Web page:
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Study foresees adverse PREPA debt plan impact on Puerto Rico businesses

The current cost of energy in businesses in Puerto Rico is five times higher than that in the United States and is expected to worsen with the proposed payment to the bondholders of the Puerto Rico Electric Power Authority (PREPA), leading to further increases in food prices, job losses and the potential bankruptcy of 180 businesses, a study conducted by economist José Caraballo-Cueto revealed. 

The study, titled “Impact of Energy Costs on Puerto Rico’s Trade,” was commissioned by the Supermercados Selectos chain and found that Puerto Rico has the second-highest business utility bills, only surpassed by Hawaii. However, considering that household income in Puerto Rico is less than half that of all of the United States, costs effectively increase fivefold.

Caraballo-Cueto said the proposed PREPA Debt Adjustment Plan includes a “legacy cost,” an additional charge on electricity bills for 35 years to pay off the debt, which will have a dual impact on supermarkets: It will reduce sales and increase operational costs.

“With the proposed payment to bondholders, this cost will increase even more, affecting the ability of the population to afford the basic food basket and food security in Puerto Rico because people will reduce the amount of food they consume,” Caraballo-Cueto said.

The University of Puerto Rico (UPR) Río Piedras campus professor estimated that this legacy cost would increase supermarkets’ monthly electricity bills by between $1,700 and $2,300.

“There is a statistically significant relationship between this energy cost and the price of meats and seafood in general,” Caraballo-Cueto, who is also the president of economic and demographic consulting firm Econometrika, said of the impact on refrigerated products.

He highlighted that Puerto Rico’s overall energy cost is twice the average cost in the mainland U.S., and said the analysis is particularly relevant as 24% of employees work in the commercial sector, making it the second-largest sector in the island’s economy.

He recommended that the Financial Oversight and Management Board eliminate the legacy charge, even if it has to extend the debt adjustment plan’s maturity.

The study’s methodology utilized multivariable regressions and analyzed data from the Economic Development Bank (EDB), the Puerto Rico Trade & Export Co. and the U.S. Energy Information Administration, as well as supermarket bills, to understand specific losses and get a detailed view of the sector’s condition.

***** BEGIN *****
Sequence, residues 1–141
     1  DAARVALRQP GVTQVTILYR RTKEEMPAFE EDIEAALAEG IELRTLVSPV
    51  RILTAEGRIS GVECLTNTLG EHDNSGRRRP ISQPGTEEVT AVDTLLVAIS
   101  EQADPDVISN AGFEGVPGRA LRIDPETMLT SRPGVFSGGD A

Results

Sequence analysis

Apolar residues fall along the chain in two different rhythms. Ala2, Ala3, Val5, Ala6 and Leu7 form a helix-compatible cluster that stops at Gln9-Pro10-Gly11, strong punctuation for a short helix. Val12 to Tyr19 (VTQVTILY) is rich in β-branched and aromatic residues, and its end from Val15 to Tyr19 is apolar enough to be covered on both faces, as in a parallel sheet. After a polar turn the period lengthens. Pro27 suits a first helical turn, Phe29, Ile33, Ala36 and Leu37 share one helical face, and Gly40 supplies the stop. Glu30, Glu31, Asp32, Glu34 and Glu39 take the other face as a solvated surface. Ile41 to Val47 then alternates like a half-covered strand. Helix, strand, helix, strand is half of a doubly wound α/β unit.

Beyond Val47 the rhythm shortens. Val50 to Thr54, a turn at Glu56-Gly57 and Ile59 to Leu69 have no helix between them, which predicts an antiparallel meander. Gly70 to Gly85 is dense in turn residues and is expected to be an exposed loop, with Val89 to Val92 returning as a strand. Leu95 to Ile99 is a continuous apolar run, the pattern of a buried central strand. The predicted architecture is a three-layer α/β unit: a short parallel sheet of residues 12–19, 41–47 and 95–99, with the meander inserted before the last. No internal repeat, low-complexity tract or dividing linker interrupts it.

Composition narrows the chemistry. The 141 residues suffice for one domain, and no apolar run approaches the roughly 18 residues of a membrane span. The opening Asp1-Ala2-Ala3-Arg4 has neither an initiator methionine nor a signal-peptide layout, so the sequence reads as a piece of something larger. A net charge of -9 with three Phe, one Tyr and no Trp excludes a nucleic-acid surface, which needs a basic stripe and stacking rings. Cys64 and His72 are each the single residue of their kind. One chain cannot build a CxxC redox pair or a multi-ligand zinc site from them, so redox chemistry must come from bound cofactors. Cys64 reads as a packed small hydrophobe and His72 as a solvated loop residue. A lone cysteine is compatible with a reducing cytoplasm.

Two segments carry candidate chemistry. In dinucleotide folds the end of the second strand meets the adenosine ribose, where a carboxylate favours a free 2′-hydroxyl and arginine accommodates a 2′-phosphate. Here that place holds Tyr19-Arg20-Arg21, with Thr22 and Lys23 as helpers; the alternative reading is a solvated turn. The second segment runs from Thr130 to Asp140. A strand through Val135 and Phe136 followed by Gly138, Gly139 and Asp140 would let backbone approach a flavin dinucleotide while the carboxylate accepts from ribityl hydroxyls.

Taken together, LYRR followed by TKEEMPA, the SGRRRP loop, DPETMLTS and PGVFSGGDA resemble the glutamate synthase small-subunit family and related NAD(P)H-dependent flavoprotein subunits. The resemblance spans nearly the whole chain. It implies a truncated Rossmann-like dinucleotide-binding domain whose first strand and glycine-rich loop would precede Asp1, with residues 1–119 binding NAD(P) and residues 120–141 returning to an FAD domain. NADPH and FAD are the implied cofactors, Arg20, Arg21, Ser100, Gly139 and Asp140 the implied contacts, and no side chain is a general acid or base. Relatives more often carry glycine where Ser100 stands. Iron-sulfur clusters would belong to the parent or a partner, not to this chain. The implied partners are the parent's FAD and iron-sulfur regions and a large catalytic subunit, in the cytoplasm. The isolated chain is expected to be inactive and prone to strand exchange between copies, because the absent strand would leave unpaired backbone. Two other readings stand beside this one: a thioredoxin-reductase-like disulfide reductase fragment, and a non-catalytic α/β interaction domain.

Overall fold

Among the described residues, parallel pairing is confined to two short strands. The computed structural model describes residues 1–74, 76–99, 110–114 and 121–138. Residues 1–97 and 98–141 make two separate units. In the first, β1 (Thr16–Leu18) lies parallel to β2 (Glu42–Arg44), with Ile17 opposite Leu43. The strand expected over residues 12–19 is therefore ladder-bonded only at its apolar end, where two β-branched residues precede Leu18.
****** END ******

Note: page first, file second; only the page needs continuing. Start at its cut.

“The Debt Adjustment Plan only mentions the increase in the cost per kilowatt-hour but does not go into detail about PREPA customers’ consumption,” he said. “For this reason, it was so important to conduct this analysis. We didn’t ask merchants if they would be affected by an increase in energy costs; instead, we sought specific losses through the analysis of bills to get a better picture of the sector in detail, supermarkets in general, and the economy.”

The study was presented during the Selectos Innova section of the chain’s 30th annual convention, coinciding with its 45th anniversary. A forum to discuss the findings included Dr. David Sotomayor, a professor at UPR’s Mayagüez campus; the engineer Johann Gathmann, a representative of the Green Building Council; Ariel Torres, the chair of Supermercados Selectos; and Caraballo-Cueto.

Study submitted to Bankruptcy Court
Torres, of the supermarket’s board, said Selectos recently approached the Bankruptcy Court to file an amendment to its initial motion objecting to the approval of the PREPA Debt Adjustment Plan filed on June 8. The amendment aims to have U.S. District Judge Laura Taylor Swain, who oversees the related proceedings, consider Caraballo-Cueto’s study as part of the evidence.

“The findings of this study are extremely concerning for Puerto Rico’s food security,” Torres said. “Supermercados Selectos’ stance is that the PREPA Debt Adjustment Plan is not good for Puerto Rico. We stated this in the Bankruptcy Court earlier this year, and we maintain that the revised plan is also not beneficial, as demonstrated by this study.”

The executive director of the Puerto Rican chain, Mayreg Rodríguez, said: “The implications of the proposed bondholder payment will affect businesses in Puerto Rico, jobs and access to food. It is essential that we analyze the findings of this study before approving a plan that could affect us for 35 years.”

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